To John Taylor
Monticello. June 8. 95.
Th:J. to Citizen Taylor
I inclose you a few seed of the Rutabaga, or Swedish winter turnep. This is the plant which the English government thought of value enough to be procured at public expence from Sweden, cultivated and dispersed. A Mr. Strickland, an English gentleman from Yorkshire, lately here, left a few seeds with me, of which I impart to you. He tells me it has such advantages over the common turnep that it is spreading rapidly over England, and will become their chief turnep. It’s principal excellence is it’s remaining in the field unhurt even by the severities of a Swedish winter. He suspects that in the seed he gave me, there is an accidental mixture of common turnep. It may be easily distinguished when it comes up, as the leaf of the Rutabaga resembles that of rape or cabbage, and not at all that of turnep.—My friendly respects to Mr. Pendleton. Adieu affectionately.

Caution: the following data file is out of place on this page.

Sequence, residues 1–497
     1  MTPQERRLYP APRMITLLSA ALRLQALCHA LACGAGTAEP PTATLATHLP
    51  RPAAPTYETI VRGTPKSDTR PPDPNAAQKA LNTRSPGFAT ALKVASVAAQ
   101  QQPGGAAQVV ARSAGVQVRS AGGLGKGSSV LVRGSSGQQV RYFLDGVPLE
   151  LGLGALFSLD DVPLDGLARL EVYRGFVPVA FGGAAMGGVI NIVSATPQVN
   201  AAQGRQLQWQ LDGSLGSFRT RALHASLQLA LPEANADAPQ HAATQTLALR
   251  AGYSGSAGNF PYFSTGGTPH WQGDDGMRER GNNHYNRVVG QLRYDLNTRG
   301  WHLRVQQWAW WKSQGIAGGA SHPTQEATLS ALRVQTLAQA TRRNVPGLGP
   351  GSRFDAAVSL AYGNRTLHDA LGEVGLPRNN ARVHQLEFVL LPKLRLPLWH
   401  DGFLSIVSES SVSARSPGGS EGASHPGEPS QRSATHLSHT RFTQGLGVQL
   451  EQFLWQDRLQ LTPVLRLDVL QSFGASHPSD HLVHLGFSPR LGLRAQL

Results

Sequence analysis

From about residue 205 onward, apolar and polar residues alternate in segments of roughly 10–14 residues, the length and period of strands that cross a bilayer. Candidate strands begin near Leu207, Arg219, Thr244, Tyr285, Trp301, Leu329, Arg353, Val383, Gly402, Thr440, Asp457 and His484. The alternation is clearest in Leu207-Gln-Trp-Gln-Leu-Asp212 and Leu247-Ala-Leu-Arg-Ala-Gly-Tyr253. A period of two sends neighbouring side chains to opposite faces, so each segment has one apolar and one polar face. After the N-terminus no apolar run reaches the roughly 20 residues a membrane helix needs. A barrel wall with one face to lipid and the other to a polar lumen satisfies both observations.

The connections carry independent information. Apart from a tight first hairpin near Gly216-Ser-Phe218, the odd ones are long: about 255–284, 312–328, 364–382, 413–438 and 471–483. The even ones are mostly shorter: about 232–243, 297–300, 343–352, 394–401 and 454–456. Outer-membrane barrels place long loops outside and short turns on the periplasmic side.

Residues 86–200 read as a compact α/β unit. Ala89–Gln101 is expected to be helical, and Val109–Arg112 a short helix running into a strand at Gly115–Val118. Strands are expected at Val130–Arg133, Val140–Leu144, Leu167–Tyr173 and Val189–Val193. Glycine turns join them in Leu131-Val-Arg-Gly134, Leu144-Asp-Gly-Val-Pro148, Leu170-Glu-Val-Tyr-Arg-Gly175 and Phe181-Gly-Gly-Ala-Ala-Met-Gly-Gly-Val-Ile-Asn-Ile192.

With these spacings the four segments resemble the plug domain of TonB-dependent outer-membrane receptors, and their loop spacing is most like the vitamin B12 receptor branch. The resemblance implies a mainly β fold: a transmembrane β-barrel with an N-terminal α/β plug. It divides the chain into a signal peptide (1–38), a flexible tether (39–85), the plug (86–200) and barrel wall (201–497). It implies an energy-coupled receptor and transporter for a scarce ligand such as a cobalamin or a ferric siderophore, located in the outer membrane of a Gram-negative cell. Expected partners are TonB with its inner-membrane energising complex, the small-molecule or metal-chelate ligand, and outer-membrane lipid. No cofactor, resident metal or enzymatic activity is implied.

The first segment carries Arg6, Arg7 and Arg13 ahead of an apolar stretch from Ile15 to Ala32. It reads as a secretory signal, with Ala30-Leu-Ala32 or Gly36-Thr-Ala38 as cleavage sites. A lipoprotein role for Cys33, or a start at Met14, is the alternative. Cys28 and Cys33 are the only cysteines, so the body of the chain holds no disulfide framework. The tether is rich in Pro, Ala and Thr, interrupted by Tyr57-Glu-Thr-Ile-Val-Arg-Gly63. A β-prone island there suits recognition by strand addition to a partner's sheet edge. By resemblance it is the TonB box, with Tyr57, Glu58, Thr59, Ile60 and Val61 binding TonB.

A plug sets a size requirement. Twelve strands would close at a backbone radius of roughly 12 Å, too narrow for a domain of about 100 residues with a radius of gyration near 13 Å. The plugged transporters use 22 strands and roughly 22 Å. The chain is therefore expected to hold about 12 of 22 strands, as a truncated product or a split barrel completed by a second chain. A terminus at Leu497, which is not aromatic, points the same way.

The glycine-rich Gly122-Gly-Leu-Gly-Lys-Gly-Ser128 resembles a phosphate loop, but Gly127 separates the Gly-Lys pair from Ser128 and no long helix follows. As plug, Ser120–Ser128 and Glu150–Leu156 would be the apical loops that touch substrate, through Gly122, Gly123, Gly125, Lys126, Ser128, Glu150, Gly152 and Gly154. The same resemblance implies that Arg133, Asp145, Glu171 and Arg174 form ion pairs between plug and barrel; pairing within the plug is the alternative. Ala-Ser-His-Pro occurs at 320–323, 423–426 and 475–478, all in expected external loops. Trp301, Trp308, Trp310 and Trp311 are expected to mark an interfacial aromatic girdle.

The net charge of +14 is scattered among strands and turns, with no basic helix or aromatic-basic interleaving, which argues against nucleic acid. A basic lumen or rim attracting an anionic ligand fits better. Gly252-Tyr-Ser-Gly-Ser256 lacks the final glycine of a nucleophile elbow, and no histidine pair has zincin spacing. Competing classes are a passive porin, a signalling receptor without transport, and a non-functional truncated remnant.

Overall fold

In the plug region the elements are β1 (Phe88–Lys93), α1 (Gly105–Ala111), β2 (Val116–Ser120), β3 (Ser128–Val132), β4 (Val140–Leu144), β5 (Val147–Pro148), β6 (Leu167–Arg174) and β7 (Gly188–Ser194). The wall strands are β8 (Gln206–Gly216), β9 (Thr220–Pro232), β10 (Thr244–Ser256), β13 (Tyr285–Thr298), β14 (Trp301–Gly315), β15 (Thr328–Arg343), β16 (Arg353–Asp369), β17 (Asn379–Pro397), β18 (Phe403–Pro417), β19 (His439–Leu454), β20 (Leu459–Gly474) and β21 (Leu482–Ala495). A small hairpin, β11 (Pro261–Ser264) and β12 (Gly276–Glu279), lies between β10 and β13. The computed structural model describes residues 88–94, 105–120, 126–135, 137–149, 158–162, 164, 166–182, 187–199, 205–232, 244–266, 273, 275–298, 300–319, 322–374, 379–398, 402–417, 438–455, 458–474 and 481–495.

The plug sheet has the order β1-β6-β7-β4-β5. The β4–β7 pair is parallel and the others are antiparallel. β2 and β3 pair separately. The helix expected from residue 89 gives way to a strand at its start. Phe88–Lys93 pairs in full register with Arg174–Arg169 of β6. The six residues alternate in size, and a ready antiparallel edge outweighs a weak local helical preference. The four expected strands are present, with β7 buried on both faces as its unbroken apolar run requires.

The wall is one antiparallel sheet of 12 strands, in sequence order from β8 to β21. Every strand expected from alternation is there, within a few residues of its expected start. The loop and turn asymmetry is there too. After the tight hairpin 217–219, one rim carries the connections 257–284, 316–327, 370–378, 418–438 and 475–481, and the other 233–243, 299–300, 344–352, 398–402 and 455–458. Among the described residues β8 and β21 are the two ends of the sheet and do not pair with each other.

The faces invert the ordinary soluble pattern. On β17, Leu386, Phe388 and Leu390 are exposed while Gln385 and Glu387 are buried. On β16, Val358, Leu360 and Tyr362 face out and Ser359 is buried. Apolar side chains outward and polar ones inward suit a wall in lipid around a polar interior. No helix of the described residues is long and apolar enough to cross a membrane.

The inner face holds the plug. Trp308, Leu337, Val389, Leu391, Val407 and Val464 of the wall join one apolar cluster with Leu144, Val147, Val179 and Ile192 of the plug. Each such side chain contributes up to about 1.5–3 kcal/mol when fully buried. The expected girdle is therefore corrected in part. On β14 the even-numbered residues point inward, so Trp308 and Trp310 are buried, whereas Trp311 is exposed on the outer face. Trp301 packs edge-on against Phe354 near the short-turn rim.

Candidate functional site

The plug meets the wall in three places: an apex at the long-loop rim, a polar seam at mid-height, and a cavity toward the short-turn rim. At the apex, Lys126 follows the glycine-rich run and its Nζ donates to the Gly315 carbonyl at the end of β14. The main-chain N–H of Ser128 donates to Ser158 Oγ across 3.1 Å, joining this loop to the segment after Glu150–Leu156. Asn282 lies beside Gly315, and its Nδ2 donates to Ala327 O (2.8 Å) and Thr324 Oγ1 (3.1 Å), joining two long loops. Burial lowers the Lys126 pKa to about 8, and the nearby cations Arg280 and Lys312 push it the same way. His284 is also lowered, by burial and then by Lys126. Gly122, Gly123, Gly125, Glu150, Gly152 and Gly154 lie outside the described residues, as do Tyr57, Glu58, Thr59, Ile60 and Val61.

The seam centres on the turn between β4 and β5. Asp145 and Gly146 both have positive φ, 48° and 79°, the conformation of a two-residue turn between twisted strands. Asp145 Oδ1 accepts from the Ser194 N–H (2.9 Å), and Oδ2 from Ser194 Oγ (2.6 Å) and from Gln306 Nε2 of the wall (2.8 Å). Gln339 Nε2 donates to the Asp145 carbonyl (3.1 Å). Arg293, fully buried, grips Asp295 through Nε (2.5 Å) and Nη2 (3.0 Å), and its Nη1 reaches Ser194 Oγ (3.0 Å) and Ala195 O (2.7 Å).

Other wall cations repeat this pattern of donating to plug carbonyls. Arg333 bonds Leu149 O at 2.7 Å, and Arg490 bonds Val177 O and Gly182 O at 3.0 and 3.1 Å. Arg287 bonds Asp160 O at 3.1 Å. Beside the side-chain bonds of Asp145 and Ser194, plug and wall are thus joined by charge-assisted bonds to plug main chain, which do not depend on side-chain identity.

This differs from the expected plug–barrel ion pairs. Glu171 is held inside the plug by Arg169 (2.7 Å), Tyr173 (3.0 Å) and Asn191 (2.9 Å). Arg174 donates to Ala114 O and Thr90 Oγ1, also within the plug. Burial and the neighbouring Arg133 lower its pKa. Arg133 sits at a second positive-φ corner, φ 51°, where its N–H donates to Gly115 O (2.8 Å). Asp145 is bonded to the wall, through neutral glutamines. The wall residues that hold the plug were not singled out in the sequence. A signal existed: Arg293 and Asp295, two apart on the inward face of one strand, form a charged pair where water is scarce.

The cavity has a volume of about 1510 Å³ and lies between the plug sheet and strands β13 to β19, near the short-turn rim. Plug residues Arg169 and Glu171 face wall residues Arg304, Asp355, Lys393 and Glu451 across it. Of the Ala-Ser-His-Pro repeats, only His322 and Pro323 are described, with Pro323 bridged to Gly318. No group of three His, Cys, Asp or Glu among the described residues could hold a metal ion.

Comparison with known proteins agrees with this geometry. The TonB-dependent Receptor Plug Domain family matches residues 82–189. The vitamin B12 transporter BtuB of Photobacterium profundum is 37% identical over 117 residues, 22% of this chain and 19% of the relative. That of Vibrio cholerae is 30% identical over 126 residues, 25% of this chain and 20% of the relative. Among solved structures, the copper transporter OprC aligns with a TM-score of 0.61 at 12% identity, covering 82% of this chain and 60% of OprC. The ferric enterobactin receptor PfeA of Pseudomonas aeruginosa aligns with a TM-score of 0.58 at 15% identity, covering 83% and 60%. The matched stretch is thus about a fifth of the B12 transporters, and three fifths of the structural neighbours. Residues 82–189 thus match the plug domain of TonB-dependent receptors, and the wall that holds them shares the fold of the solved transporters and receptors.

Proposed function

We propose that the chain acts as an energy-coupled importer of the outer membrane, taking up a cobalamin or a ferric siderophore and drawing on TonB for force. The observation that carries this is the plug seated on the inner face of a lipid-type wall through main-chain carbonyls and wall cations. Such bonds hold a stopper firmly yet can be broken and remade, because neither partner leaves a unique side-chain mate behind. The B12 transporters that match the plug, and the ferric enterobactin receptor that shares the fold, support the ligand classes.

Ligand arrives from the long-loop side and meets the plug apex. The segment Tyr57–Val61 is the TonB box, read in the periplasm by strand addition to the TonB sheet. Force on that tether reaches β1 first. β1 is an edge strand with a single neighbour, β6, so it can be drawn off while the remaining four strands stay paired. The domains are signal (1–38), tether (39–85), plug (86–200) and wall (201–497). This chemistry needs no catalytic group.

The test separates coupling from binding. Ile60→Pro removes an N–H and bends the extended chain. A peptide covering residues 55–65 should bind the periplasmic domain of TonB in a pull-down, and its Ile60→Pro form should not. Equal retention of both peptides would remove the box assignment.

A letter from Taylor to TJ of 26 May 1795, recorded in SJL as received 19 June 1795, has not been found.